Education and Experience

To work as a Security Guard in BC you require:

  • Completion of grade 12 (preferred by employers but not mandatory)
  • Licensing under the Security Services Act
  • A criminal background check
  • Completion of the Basic Security Training (BST) course with a grade of 60 percent or higher on the final exam for each course

Additional training requirements vary depending on your employer.

Source: WorkBC

Qualifications

This occupation is regulated in British Columbia.

You must obtain a valid BC Security Worker Licence in order to work as a security guard in BC.

There are a number of requirements before obtaining a security worker licence including:

  • Complete Basic Security Training (BST)
  • Comply with the Security Services Act “Code of Conduct”
  • Consent to a Criminal Record check
  • Provide fingerprints and photograph
  • Supply proof of Canadian Citizenship or Landed Immigrant status
  • Be sufficiently fluent in the English language to converse with the public while carrying out duties.

For more information on licensing see:

Internationally Trained Security Guards

If you believe you have acquired the equivalent training and/or experience required from outside BC for a security guard licence, there is a process set up to demonstrate your skills.

Contact the Justice Institute of BC (JIBC) directly to have previous training or experience reviewed.

Finding Jobs

You’ll find job advertisements in local newspapers, trade journals, and electronic sources, as well as through professional association publications.

Local Newspapers

You can look at the Vancouver Sun and The Province at Vancouver Public Library for free. Check the job postings daily and the careers section in the Vancouver Sun on Wednesdays and Saturdays and in The Province on Sundays.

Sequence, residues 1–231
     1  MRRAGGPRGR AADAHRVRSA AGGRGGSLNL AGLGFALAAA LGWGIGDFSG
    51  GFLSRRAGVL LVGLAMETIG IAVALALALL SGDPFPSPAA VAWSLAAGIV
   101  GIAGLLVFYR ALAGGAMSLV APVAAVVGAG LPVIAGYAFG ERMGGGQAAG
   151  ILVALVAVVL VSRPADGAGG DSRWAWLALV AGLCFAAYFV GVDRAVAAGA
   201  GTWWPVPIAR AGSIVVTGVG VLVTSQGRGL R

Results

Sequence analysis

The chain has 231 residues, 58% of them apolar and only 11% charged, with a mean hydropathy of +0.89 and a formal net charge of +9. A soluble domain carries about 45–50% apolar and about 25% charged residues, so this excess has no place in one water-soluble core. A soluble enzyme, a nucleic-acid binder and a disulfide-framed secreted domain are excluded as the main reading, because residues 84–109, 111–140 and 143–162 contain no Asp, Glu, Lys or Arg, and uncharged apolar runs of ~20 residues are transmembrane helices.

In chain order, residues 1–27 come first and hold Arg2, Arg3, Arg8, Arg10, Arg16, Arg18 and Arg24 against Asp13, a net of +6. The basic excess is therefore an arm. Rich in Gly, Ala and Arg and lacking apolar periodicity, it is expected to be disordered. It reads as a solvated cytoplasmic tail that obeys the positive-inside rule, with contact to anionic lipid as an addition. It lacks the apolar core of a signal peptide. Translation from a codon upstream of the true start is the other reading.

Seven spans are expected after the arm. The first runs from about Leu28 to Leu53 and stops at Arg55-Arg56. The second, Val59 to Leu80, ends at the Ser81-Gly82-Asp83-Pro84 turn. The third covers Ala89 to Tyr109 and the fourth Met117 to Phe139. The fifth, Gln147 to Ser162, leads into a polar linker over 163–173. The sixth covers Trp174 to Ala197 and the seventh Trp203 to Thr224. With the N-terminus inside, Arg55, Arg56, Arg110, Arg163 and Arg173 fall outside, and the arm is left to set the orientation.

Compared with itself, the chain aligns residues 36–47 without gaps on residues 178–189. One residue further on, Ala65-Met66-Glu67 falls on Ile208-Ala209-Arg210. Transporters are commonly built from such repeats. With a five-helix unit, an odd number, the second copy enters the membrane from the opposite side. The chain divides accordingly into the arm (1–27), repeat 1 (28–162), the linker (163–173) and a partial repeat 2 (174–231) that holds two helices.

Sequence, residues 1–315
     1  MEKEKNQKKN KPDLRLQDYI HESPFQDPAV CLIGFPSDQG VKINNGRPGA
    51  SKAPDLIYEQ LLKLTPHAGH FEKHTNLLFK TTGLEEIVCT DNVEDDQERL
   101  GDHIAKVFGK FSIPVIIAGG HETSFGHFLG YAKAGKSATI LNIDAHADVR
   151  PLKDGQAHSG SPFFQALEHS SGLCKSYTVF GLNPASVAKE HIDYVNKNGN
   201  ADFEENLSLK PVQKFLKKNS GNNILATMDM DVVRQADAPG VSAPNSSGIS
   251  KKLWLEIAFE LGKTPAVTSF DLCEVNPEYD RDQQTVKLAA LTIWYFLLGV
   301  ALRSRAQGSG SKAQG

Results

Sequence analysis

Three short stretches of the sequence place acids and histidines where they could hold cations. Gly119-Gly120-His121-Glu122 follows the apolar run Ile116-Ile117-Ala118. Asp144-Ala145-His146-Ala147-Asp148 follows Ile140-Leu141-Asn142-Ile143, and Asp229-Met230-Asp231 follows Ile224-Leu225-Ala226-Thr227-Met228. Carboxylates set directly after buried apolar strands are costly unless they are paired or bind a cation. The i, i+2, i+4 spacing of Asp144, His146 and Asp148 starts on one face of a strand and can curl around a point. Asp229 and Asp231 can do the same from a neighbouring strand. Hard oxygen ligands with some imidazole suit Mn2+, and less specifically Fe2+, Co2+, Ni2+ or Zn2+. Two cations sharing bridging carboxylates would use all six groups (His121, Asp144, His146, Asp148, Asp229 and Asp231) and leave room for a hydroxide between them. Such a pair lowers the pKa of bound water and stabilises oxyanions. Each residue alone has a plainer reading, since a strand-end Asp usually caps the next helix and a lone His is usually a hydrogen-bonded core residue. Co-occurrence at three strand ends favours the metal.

Job White Pages

  • Available online or in print at the Central Library
    NOTE: You can only access this database from the Central Library or VPL branch libraries. Access is NOT available from home or outside the Library.

Online Job Postings

  • Indeed.com
    Find jobs posted on a multitude of company career sites and job boards

Professional Associations’ Career Resources

Identifying the Right Position

When you browse job advertisements, you’ll find a range of different job titles that are relevant.

For security guards look for these related job titles

  • bodyguard (except police)
  • bouncer
  • commissionaire
  • gate attendant – security
  • night watchman/woman

Source: NOC 6541

Creating a List of Potential Employers

You can use directories to produce lists of companies in the Lower Mainland or BC. Contact them directly to find out if they’re hiring.

  • Reference Canada
    Click on “Start Search” beside Canadian Businesses, then select the “Advanced Search” button.
    Select both “Keyword/SIC/NAICS” under Business Type and “City” under Geography.
    In the top search box enter [ie: “Security Guard”] and click LOOKUP.
    Select the appropriate headings.
    Lower down, select the Province, choose the cities, and click the “View Results” button.
    NOTE: You can access this database from a Library computer. If you are using a computer from outside the Library, you will need a Vancouver Public Library card to login to this database. After clicking on the database name, you will be asked to enter your library card number and PIN (usually last four digits of your telephone number).

Applying for a Job

In Canada, employers usually expect to receive a resume or curriculum vitae and a cover letter. These should identify the position you are applying for and summarize your relevant experience.

Use the library catalogue to find books on writing resumes and cover letters specific to your industry.

To learn about applying for jobs in Canada, use the following guides which are available in print at the Central Library or online:

Getting Help from Industry Sources

Industry Associations

Associations for security services in BC and Canada can provide information and assistance. Registration and fees are usually required for membership.

Industry Journals

Search the Vancouver Public Library catalogue for journals related to your profession. Examples at the Central Library: